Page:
Curtain Call
by Shelly Blankman

The curtains open, footlights burn bright.
I can barely see critics furiously jotting
grand reviews, a far cry from the little
girl alone in her bathroom, hairbrush mic
in hand, on a black-and-white tile floor stage,
plastic shower curtain like the velvet one
parted for the singer I was meant to be,
with an audience of one — two if you counted
my mirrored self in a cloud of steam that
looked like dry ice rising with diva flair.

Applause sinks into silence;
my bathroom voice bursts, tears trickling down
my cheeks like the last rhythmic drips of the faucet,
with crescendos that would have made my house shake.
I can hear gasps as I reach Streisand highs
and Fitzgerald lows, my flowing sequined
dress, the color of beige roses and Dove soap.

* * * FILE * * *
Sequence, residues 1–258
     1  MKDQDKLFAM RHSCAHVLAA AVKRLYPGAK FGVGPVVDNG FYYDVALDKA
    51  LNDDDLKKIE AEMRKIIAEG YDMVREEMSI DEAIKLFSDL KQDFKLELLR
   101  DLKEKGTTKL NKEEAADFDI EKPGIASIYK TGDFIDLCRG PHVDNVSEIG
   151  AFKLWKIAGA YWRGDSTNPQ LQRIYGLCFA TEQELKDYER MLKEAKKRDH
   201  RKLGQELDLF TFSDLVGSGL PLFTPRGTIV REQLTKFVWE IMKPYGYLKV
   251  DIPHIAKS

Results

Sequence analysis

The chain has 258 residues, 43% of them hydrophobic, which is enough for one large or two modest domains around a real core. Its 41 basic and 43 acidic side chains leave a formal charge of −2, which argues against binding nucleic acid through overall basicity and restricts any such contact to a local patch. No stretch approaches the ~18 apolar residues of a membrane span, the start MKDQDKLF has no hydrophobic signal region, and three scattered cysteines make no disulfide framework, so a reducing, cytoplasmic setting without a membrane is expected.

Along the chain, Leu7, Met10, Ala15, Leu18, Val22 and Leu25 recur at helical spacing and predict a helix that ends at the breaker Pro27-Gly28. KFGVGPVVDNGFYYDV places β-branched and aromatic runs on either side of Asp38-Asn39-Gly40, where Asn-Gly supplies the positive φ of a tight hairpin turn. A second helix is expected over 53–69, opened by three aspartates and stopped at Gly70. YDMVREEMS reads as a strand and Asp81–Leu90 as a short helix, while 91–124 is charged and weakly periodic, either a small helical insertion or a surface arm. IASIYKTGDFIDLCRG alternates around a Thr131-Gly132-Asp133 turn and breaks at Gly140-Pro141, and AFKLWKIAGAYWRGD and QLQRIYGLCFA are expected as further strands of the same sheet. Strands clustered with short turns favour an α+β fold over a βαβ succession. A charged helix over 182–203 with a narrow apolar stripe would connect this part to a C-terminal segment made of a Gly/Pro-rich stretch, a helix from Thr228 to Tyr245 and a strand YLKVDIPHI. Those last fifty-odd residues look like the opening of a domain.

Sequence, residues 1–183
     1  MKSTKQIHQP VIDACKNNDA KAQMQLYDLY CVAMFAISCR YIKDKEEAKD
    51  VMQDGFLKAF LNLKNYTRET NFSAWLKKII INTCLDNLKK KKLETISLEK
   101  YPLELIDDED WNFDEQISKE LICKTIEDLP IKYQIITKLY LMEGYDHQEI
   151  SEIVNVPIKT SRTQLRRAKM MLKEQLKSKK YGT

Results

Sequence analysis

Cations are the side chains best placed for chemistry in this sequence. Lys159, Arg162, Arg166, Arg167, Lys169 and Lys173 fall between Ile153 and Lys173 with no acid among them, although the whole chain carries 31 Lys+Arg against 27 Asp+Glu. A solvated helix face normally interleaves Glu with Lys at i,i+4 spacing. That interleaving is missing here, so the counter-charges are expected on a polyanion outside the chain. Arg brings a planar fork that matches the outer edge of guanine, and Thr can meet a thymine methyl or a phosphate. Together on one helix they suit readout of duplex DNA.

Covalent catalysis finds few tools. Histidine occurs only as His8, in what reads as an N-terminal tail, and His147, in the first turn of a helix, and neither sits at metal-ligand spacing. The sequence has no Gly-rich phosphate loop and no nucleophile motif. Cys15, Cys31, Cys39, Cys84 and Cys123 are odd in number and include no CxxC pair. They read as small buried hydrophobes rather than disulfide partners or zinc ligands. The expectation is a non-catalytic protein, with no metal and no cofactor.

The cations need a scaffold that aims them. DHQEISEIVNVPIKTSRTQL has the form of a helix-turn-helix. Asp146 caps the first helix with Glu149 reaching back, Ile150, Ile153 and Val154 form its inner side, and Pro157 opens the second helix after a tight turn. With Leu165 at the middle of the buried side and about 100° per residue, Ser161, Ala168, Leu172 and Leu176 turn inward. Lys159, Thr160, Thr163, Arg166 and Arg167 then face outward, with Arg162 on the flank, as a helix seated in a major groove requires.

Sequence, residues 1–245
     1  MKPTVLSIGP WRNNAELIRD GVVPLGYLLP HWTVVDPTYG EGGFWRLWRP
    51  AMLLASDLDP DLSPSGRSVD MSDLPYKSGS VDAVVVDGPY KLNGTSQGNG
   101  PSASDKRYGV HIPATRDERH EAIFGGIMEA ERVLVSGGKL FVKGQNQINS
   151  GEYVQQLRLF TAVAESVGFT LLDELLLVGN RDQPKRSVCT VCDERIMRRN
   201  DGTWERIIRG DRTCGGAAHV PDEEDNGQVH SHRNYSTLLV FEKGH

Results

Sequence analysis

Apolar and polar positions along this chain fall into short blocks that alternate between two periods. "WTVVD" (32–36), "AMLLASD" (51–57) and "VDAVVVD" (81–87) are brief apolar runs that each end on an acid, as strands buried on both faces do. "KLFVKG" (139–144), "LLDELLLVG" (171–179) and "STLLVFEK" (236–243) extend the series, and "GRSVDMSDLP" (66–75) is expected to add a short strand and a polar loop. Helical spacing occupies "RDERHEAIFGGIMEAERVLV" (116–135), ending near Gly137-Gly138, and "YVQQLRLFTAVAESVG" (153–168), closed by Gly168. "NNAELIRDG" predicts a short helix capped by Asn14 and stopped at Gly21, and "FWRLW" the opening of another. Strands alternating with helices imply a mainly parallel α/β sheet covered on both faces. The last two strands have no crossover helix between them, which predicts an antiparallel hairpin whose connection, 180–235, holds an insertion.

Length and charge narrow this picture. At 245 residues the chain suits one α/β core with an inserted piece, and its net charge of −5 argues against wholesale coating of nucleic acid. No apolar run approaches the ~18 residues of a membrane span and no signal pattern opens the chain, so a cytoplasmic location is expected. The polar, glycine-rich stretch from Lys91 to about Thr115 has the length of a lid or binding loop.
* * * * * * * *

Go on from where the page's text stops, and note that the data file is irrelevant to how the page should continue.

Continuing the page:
Shouts of “Bravo” explode as I bow and swells of
“Encore” beckon for one last song; I feign humility
as I wend my way backstage through the barrage
of hugs and air kisses, paparazzi flashes and
questions,wanting nothing more than to rest my
laurels among the flowers crowding my dressing room.

PHOTO: Barbra Streisand performing on the Ed Sullivan Show in New York City at age 20 in 1962.

NOTE FROM THE AUTHOR: As a child, I wanted to be anyone but me. There was no better place for that than in the shower, where I could be a star, everyone would adore me, and I had talent beyond that of anyone I’d ever seen or heard. Of course, the reality is that all I ever really accomplished in the shower was to become squeaky…and there was no future in that. And frankly, bullies don’t care whether you’re clean or not. But every day, for a half-hour or so, I was a star. And for many years, my imaginary life played out in the shower, was good enough.


Shelly Blankman
is an empty nester living in Columbia, Maryland, with her husband, Jon, and four cat rescues. They are the proud parents of two sons, Richard, 31, of New York, and Joshua, 30, of Texas. She spent most of her professional career in public relations and copy editing, but her first love has always been poetry. Shelly enjoys making scrapbooks and cards, and, of course, writing.